“At last!” crowed Pungust. “I have you now! Oh, wait til I get you back to Fairyland -“
“Just a moment,” interrupted Louise. “Did you bewitch this poor man?”
“I did,” replied Pungust with pride.
“Well, can you stop it?”
“Why should I?”
“You got what you wanted,” said Louise. “But is there anything else you want? Perhaps we could negotiate?”
Pungust cackled, for indeed there was something else. And, since he was a traditional Goblin, and since she was a Witch, Louise knew what it was.
“Three wishes!” he cried. “The accursed may lift the curse, if he can guess the name of the one who cursed him – if you can guess my name! Three guesses!”
“And if the guess is right . . .”
“Then you shall have three wishes, upon my word as a fiend. But if not – if not, then the baker remains cursed for ever, you come with me to fairyland, AND you must wish for three things of my choosing! Do you accept? This is a time-limited offer, by the way. You have five seconds.”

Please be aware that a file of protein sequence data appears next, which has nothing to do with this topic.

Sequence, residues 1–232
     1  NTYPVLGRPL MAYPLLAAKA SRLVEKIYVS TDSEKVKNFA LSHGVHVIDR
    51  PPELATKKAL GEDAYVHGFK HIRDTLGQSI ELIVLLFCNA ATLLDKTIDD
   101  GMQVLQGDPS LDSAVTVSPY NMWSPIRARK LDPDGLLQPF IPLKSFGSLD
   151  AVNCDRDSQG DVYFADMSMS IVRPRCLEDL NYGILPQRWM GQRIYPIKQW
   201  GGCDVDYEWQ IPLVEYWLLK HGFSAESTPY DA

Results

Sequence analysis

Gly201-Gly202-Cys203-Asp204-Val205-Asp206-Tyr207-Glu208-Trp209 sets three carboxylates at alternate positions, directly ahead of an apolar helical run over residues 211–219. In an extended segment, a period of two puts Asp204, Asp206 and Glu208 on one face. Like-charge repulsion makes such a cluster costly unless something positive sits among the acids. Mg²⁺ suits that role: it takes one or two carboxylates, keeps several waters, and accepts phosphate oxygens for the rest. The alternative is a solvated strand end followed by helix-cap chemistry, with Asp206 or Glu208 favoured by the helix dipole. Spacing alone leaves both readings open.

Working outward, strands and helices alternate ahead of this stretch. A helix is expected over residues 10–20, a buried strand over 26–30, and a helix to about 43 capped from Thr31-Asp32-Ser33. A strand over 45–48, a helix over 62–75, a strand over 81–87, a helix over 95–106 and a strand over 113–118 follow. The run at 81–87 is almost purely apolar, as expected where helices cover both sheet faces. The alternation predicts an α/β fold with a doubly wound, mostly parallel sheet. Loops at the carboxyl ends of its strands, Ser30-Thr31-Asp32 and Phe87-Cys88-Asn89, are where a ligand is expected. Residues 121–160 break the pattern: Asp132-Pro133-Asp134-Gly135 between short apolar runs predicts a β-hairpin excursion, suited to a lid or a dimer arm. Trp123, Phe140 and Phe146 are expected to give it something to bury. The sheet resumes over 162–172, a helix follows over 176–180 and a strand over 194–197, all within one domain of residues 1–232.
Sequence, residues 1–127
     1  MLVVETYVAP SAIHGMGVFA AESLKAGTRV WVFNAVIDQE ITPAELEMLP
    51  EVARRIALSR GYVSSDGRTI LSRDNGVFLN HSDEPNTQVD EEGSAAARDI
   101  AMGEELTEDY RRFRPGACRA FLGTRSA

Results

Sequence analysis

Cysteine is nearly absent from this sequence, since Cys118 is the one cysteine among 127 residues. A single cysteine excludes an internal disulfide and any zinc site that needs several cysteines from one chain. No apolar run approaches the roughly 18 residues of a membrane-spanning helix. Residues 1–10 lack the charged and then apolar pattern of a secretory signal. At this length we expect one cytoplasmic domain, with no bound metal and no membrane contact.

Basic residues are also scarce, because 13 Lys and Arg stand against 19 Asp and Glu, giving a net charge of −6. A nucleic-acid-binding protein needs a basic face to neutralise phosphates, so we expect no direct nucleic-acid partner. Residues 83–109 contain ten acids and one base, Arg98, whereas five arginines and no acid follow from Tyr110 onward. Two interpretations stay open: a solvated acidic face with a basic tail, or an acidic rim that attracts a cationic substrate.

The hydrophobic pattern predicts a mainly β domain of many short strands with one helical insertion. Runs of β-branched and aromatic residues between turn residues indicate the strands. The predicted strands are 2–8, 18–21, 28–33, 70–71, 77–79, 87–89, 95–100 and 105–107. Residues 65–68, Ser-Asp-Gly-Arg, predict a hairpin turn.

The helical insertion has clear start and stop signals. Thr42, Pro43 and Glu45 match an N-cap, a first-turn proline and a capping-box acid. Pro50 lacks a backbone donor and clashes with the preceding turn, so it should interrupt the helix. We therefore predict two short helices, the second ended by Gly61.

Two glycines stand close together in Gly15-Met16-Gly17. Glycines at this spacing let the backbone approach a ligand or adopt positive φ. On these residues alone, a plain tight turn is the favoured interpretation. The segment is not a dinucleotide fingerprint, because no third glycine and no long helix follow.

“I accept,” said Louise. “My first guess is Rumpelstitskin.”
“Wrong!” cried Pungust. “That’s my middle name.”
“Is it Brian?”
“No! Last guess!”
Pungust blazed suddenly in a blue fire and looked most demoniacal. “All wrong!” he cried. “Pungust I am! Soon to be the greatest of all Goblins, for that is my first wish!”
Louise held up a finger. “One moment,” she said. She turned to the bewildered baker, who was still goggling at finding a Goblin in his bedroom. “Mr. Baker? What do you think his name is?”
William Baker scratched his head. “Pungust, wasn’t it?”
“Yes,” said Louise. “Isn’t that right, Pungust? Or did you forget which of us was cursed?”
Pungust’s brow creased, and his fingers moved silently. Then, with a scream of rage, he leapt into the rafters and bounced around hooting and yelling in a black mood.
“Well,” said Louise, with a smile, “you now have three wishes, Mr. Baker. What’s it to be?”
William Baker thought quickly. He wasn’t sure that wishing for time to think about it was an option.